Tuesday, 25 January 2011: 3:45 PM
307-308 (Washington State Convention Center)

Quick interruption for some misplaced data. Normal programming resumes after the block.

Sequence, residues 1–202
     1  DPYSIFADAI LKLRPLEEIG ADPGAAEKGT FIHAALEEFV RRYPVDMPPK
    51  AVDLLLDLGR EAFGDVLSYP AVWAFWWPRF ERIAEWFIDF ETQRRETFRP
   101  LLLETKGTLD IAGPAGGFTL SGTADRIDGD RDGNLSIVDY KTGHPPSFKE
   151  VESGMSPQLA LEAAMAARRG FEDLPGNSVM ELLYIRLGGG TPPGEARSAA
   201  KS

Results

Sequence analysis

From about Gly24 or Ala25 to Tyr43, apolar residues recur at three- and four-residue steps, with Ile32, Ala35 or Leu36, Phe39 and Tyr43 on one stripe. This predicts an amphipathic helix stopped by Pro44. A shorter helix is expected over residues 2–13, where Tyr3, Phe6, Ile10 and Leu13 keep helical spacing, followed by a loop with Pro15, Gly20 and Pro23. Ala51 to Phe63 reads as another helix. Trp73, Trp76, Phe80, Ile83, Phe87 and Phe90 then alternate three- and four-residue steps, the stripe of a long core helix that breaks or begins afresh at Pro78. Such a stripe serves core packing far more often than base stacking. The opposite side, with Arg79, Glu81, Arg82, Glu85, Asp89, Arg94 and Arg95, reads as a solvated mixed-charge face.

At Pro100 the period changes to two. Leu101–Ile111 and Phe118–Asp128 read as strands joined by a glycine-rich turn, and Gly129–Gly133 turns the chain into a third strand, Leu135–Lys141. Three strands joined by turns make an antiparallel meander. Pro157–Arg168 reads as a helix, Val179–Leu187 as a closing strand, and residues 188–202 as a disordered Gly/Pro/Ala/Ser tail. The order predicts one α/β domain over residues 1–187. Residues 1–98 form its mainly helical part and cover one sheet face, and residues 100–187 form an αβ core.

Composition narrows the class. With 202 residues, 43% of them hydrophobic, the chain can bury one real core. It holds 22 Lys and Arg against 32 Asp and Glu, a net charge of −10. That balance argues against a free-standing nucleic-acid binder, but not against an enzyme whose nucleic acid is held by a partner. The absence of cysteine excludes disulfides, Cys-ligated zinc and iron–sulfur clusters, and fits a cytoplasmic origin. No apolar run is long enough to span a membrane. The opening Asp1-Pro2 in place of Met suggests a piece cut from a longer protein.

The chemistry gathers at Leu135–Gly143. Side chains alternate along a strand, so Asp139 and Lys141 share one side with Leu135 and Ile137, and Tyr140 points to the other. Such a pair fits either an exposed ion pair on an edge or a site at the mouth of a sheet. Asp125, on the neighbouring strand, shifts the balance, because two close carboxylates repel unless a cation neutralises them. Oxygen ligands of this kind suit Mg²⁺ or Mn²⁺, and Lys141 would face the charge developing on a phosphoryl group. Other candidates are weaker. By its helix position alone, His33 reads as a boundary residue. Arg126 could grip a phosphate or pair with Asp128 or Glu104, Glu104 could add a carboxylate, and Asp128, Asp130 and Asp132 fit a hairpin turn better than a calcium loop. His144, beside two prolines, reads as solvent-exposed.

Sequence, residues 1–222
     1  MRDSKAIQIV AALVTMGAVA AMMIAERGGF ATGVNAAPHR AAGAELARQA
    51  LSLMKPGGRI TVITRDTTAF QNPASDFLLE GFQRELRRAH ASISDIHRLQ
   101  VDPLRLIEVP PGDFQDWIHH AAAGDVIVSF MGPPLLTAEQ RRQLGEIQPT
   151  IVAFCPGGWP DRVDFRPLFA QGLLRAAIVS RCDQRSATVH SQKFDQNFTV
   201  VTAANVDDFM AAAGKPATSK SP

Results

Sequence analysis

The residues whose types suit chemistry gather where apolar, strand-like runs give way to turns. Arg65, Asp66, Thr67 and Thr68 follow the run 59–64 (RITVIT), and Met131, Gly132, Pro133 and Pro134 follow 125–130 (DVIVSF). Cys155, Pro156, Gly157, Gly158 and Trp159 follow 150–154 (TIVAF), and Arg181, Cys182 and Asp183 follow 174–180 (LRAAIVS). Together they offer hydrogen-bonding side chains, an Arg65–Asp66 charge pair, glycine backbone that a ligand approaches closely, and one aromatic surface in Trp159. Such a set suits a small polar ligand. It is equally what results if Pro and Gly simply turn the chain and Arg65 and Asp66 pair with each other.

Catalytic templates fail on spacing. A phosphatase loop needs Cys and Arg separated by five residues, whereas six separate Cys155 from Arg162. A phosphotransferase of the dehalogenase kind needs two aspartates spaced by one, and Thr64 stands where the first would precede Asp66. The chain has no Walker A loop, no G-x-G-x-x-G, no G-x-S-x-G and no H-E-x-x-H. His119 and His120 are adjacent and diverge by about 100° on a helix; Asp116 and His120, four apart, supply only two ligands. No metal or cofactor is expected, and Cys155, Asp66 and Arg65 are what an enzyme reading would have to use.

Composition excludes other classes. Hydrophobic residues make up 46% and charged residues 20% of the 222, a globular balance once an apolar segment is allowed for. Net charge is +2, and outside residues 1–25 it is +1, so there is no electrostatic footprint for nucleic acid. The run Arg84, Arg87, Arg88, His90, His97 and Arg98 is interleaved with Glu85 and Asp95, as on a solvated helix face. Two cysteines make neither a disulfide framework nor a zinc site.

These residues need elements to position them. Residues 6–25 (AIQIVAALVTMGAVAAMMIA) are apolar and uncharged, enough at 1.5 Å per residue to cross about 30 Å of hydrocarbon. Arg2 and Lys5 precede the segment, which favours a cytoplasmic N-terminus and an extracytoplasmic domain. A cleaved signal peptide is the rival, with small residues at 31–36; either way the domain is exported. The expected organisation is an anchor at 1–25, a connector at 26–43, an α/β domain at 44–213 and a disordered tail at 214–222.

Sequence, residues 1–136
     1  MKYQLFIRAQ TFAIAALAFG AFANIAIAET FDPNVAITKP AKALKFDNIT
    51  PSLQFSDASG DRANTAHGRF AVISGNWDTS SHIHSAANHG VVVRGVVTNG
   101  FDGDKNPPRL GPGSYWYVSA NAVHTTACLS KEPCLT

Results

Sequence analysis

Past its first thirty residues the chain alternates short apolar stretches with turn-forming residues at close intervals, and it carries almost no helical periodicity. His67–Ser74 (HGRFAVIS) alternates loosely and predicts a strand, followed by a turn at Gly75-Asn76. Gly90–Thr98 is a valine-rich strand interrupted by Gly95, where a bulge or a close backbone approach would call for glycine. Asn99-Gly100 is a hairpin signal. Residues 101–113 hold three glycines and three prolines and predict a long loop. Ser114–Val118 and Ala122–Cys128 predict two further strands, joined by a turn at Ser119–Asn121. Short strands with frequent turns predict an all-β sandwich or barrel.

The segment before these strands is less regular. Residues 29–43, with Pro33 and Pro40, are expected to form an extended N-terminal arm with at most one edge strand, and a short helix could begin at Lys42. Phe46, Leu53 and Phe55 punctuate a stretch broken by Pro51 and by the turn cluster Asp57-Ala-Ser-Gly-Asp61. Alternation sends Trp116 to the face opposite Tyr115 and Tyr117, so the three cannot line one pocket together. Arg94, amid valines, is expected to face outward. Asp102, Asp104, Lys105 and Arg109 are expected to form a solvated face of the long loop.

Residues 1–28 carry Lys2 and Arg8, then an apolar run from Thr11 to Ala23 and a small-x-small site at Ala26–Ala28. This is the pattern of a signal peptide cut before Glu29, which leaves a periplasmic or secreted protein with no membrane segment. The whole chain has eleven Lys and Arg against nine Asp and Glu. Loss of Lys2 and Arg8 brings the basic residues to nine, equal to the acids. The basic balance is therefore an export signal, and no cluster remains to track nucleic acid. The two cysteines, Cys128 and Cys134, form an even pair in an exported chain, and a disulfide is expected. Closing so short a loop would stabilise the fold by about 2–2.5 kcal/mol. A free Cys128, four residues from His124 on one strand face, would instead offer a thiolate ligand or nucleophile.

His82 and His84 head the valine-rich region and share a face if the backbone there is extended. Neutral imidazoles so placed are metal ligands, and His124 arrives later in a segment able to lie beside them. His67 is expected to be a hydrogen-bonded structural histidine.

Atmospheric temperature measurements from a Raman lidar, which are determined from two channels in the anti-Stokes regime of the rotational Raman spectrum, are evaluated over a multi-year period to assess bias and noise characteristics. Bias errors in the lower troposphere are estimated by comparing the Raman lidar measurements to temperature retrievals from a passive infrared spectrometer (the Atmospheric Emitted Radiance Interferometer or AERI). These comparisons are carried out at the US Department of Energy's Atmospheric Radiation Measurement (ARM) Southern Great Plains (SGP) site in Oklahoma. The ARM Raman lidar measures atmospheric temperature by detecting backscatter arising from rotational transitions in atmospheric nitrogen and oxygen molecules. The interference filters used in the two rotational Raman channels have center wavelengths at 353.3 and 354.3 nm with transmissions of larger than 35% at these wavelengths, and have significant attenuation (>1e-6) at the laser wavelength 354.7 nm). Calibration and overlap correction is achieved using data from radiosondes, which are normally launched four-times daily at SGP. For this study, Raman lidar temperature profiles were computed using hourly averages at a height resolution of 300 m. Uncertainties due to shot noise in the raw photon-counting signals were propagated through the calculations to obtain estimates of uncertainty in temperature. At night, the median absolute temperature uncertainty was about 1.5 K, and exhibited little change with height below 10 km. During the daytime, the median absolute temperature uncertainty remained roughly constant below 6 km (~1.7 K) before increasing significantly with height. Temperature data from the Atmospheric Emitted Radiance Interferometer (AERI) provided a source of independent temperature measurements, with time and height resolutions comparable to the Raman lidar data. The AERI measures the absolute downwelling infrared spectral radiance of the sky directly above the instrument with a spectral resolution of 1.0 cm-1. Temperature and water vapor profiles are computed from the AERI radiance data using a physical retrieval algorithm. Because the information content in the AERI radiances diminishes with height, the retrievals are generally limited to a maximum height of about 3 km AGL. For heights below 3 km, the correlation between the Raman and the AERI temperatures was 0.97, and the median relative bias was within ±0.5%. We also discuss potential synergies between the Raman Lidar and AERI for improved temperature and or water vapor profiling. Preliminary results will be presented to examine the impact on the AERI temperature retrievals when constrained using humidity profiles from the Raman lidar.
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